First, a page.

Now, almost two and a half years later, Borkan and Kehoe are back to respond to a spat between hikers and the work crew rebuilding the trail. Borkan is tall and businesslike, with a bulb of curly hair. Kehoe is mellow and bearded and has a quick and quiet smile; he works for the Forest Service and is on loan to SWCA because he helped it build trails in the Grand Canyon that have come under less scrutiny than this one.
Even before construction began in January 1991, concerned citizens screamed that the Parks Department wanted to turn the Squaw Peak trail into a highway, as on North Mountain. "If you pave the trail, make sure you put a Circle K on top," one wag wrote on the survey questionnaire circulated by SWCA, and when workers poured concrete on the bottom few turns of the path in the early stages of the renovation, it only confirmed the paranoia.
Indeed, at first the work crew went on a cement binge: They poured concrete curbs and water bars. To discourage the switchbackers whose shortcuts have dug deep gullies in the mountainside, they built rock walls worthy of a 1930s Work Projects Administration project and cemented them together, making the lower trail look more like a formal garden than a Wild West hike. Predictably, regular Squaw Peakers begged the Parks Department to leave the trail "natural."
"There's nothing natural about 1,000 people a day," says Ken Kehoe. "A trail, by definition, is unnatural." In earlier days, hikers climbed Squaw Peak to look down on the city lights in the distance. Now--except for the runners, who don't see anything--people climb with deliberate tunnel vision, eyes tightly focused on the ground to block out the urban sprawl in every direction and to imagine a desert wilderness. But real wilderness is full of nasty bugs and larger pitfalls. What they want is a designer wilderness that looks natural, or better than natural, smack-dab in the middle of a metropolitan area of more than two million inhabitants.
The setting sun lights the amber-colored grass on the mountains opposite the trail head. Borkan and Kehoe tighten their boot laces to start the hike up so that they can critique the work to date.
"The work crew likes concrete," Borkan says guardedly as he walks, and even if he confesses that he doesn't care for the technique, he has to admit that the goals of the SWCA renovation plan are being met: to define the trail so that hikers won't clamber every which way, to narrow it in some places, widen it in others, build it up where it slips down the mountain and blast steps where the mountain has slipped down upon it.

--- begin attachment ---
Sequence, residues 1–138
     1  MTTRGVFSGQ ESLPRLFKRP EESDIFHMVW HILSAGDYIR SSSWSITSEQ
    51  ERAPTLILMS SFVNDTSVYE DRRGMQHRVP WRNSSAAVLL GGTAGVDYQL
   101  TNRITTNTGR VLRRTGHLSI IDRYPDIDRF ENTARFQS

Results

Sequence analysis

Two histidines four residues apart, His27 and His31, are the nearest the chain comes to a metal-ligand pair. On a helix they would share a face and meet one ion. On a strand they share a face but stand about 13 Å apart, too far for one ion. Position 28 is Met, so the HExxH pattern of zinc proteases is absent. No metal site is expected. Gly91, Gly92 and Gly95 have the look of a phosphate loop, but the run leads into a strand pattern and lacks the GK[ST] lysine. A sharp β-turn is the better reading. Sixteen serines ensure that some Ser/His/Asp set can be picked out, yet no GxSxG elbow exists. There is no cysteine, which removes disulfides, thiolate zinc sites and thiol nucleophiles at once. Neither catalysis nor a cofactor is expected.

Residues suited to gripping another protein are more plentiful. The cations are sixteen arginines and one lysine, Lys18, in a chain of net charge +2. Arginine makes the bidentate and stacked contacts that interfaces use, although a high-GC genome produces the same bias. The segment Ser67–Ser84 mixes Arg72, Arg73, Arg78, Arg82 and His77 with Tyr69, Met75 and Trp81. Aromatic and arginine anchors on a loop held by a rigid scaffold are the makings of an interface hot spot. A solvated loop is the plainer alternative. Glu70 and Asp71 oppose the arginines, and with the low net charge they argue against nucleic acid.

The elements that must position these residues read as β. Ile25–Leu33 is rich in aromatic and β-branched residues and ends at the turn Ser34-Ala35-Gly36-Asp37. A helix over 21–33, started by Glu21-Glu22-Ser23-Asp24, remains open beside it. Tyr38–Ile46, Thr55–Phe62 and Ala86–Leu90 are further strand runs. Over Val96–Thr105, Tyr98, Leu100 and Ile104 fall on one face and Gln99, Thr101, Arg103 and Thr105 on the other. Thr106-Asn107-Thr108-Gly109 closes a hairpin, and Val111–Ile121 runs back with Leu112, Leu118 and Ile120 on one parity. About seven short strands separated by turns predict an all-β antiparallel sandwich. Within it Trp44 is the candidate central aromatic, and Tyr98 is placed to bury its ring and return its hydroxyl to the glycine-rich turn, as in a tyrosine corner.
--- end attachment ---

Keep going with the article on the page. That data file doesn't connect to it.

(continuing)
Though the workers eventually began building steps and water bars out of natural rock, hikers still saw the trail getting easier, so easy that the work crews could haul supplies up on a four-wheel ATV. When they started jackhammering bedrock out of the trail, the hikers mobilized.
Arlynne Eisner and Roger Maki, a pair of regulars, gathered more than 500 signatures on a petition asking for work to stop until consultants Borkan and Kehoe could inspect what had been done. Then, to make sure the Parks Department would pay attention, Eisner called the TV stations and did standups on the evening news. She invited Jim Burke, deputy director of the Parks, Recreation and Library Department, to hike with her. When Burke saw that the trail crew was plowing a roadway up the mountain, he said, "This is not what I intended," and stopped reconstruction until Borkan and Kehoe got to town.
Halfway up the mountain is a lone palo verde that regular Squaw Peakers refer to as "the Tree." Leading up to the tree is a 20-foot-high rock face that hikers like to scramble up, without realizing it used to be buried beneath eight feet of soil now stripped away by 40 years of foot traffic.
"It may be fun to climb," says Kehoe, "but it's bad for the mountain."
Head-high on the pitch, a tiny saltbush clings tenuously to the hillside, its roots nearly exposed where it's been undercut by hikers' shortcuts. As Borkan and Kehoe plan their strategy, people climb around them, slipping up gullies and over rocks. A woman in her 50s picks her way down gingerly. "Where are the steps?" she demands. "This is scary." She's a member of a distinct minority; some of the respondents to the SWCA survey thought the trail should be made harder to dissuade such physically unattractive sorts who get in the way and impede their personal bests.